Skylights featured five times on Earth Science
Picture of the Day: 1
Photo of the Week. Marshmallow clouds drift beneath
a pale sky.
Astronomy news for the week starting Friday, December 30, 2005.
'Tis the year's end, and a Happy New Year to all, as this Saturday
night the clock rolls over to 2006. The year ends, and Skylights'
week begins, with the new Moon on Friday, December 30, giving us a
reverse "blue moon" effect (wherein there are two full moons in a
month), December 2005 having two NEW Moons. The rest of the week
is spent with the Moon in its waxing
crescent phase. In celebration of the new year you can get
your first look at the Moon the night of Sunday, January 1, when it
will appear low in the southwest in twilight to the left of Venus,
the brilliant planet now setting ever earlier in twilight and
rapidly disappearing from view. Early in the lunar cycle the
nighttime side of the Moon will be bathed in Earthlight. On Monday the 2nd and Tuesday
the 3rd, the Moon will respectively (and invisibly) pass to the
south of Neptune and Uranus.
Venus vanishes, the early night sky is taken over by Mars
(still in Aries), which transits
the meridian to the south just before 8 PM, and
Saturn (yet in Cancer), which
rises about an hour earlier. Though Mars has faded some from its
earlier glory, it still shines at the minus first magnitude, and is
brighter than all but the two brightest stars, Sirius and Canopus. Saturn (at magnitude zero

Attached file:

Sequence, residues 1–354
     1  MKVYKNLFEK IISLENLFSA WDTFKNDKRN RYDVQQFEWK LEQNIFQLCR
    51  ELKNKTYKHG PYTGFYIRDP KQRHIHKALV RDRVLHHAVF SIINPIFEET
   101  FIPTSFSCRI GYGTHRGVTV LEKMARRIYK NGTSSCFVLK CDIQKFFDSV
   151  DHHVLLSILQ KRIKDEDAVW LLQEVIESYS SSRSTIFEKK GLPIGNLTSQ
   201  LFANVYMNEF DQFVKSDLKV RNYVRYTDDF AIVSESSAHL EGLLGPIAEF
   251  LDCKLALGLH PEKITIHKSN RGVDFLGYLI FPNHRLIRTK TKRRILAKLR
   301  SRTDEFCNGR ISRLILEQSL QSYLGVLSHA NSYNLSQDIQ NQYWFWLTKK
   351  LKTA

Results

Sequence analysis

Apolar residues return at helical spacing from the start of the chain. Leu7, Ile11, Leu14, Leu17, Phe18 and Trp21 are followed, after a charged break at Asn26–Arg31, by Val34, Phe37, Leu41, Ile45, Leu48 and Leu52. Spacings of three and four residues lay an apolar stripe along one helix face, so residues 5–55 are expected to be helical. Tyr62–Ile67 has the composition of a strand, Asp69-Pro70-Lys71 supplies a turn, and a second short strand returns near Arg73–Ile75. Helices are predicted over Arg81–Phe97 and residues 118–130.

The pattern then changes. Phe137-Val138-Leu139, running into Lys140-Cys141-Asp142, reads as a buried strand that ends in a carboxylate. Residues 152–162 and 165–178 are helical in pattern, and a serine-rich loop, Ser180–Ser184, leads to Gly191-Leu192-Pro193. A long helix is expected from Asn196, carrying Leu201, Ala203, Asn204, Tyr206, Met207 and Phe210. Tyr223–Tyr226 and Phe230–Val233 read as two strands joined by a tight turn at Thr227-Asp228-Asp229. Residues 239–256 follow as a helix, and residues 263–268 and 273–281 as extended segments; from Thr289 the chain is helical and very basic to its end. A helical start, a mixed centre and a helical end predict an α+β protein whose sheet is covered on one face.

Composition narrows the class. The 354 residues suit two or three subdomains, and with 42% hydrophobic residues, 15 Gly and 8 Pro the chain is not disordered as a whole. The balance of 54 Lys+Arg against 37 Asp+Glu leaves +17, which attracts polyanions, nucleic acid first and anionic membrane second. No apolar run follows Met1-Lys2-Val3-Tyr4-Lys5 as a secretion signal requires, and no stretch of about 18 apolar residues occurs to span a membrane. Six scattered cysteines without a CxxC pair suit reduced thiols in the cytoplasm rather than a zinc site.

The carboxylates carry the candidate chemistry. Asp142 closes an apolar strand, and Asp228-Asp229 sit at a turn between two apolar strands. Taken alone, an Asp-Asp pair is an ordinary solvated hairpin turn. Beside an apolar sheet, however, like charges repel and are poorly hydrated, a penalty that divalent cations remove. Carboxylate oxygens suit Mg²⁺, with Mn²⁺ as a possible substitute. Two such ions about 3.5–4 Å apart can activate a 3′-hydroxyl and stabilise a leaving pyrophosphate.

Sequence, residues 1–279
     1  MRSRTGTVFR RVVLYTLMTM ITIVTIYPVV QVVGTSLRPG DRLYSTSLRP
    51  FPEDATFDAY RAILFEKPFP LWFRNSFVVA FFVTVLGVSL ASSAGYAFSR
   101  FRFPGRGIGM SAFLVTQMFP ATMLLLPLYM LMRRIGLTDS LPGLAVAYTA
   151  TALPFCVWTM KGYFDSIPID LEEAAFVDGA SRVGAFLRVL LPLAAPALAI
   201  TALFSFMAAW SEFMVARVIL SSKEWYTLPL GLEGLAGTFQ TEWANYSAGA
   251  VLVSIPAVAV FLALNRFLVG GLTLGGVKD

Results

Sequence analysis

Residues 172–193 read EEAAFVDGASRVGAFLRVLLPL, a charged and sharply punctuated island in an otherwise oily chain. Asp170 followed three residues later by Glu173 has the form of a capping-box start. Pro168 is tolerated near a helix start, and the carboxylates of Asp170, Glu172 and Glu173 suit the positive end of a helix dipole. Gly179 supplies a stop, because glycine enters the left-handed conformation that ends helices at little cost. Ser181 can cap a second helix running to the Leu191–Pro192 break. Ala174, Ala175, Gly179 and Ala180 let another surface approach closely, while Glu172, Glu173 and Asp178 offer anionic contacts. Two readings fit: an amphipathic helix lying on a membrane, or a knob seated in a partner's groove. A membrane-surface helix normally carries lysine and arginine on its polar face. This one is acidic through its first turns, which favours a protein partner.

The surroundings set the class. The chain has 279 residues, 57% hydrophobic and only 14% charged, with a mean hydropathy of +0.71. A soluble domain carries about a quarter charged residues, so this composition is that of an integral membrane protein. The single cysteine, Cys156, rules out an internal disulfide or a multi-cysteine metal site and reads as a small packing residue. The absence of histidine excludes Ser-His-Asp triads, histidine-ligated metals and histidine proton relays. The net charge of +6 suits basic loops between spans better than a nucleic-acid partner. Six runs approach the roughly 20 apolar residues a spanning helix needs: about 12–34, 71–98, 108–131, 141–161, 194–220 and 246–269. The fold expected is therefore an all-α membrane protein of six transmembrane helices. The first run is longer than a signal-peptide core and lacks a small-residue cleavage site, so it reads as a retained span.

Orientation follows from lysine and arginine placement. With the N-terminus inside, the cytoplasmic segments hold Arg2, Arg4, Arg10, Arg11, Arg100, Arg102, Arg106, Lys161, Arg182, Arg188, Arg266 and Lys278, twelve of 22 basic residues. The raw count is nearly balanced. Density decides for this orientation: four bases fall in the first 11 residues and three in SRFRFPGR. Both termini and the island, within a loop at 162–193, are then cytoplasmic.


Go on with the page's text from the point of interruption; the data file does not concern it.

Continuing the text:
brighter than all but the top three stars, number three Alpha Centauri) then transits the
meridian at 2 AM, followed nearly an hour later by the simultaneous
Mars and the rising of
Jupiter, whose glowing brightness no star can match. Now in
western Libra, Jupiter falls well
to the east of Virgo's Spica.
Far fainter, the asteroid Vesta (the fourth discovered), will pass
through opposition with the Sun on
Thursday the 5th. At faint sixth magnitude in central Gemini, it is just barely visible
to the naked eye (given excellent vision in a dark location),
making it unique among such bodies (the asteroids a collection of
planetary debris mostly between Mars and Jupiter).
Meteor showers come from the debris of comets, not asteroids. Keep
your eye out for one of the major showers of the year, the Quadrantids, which peak
the morning of January 3, and that come out of the defunct
constellation Quadrans, which
lies near the Big Dipper.
On New Year's Day, the Moon will pass through perigee,
where it is closest to the Earth. Just three days later, at about
9 AM CST on Wednesday the 4th, the Earth then passes through perihelion
, where it is closest to the Sun, 147 million kilometers (91.4
million miles), 1.7 percent closer than average. Since perihelion
takes place in the heart of northern winter, solar distance clearly
plays no significant role in the
seasons, which are caused by the 23.4 degree tilt of the
Earth's rotational axis relative to its orbital axis. Since ocean
tides depend on the inverse cube of the distances between the Earth
and the Moon and Sun, they will be especially high (and low) at
this new Moon. Tides slow the Earth's rotation, and to synchronize
clocks with precisely-kept "atomic time," a "leap second"
will be added at midnight as the Old Year passes to the New (giving
61 seconds to the last minute).
Orion and his cohort of bright constellations are now making a
serious impact on the nightly sky, Sirius in Canis Major rising as twilight ends. Watch for them as
they cross the sky during the wintery nights. Meanwhile in the
northeast, the Big Dipper is rising. The Little Dipper, however, is at its low point beneath the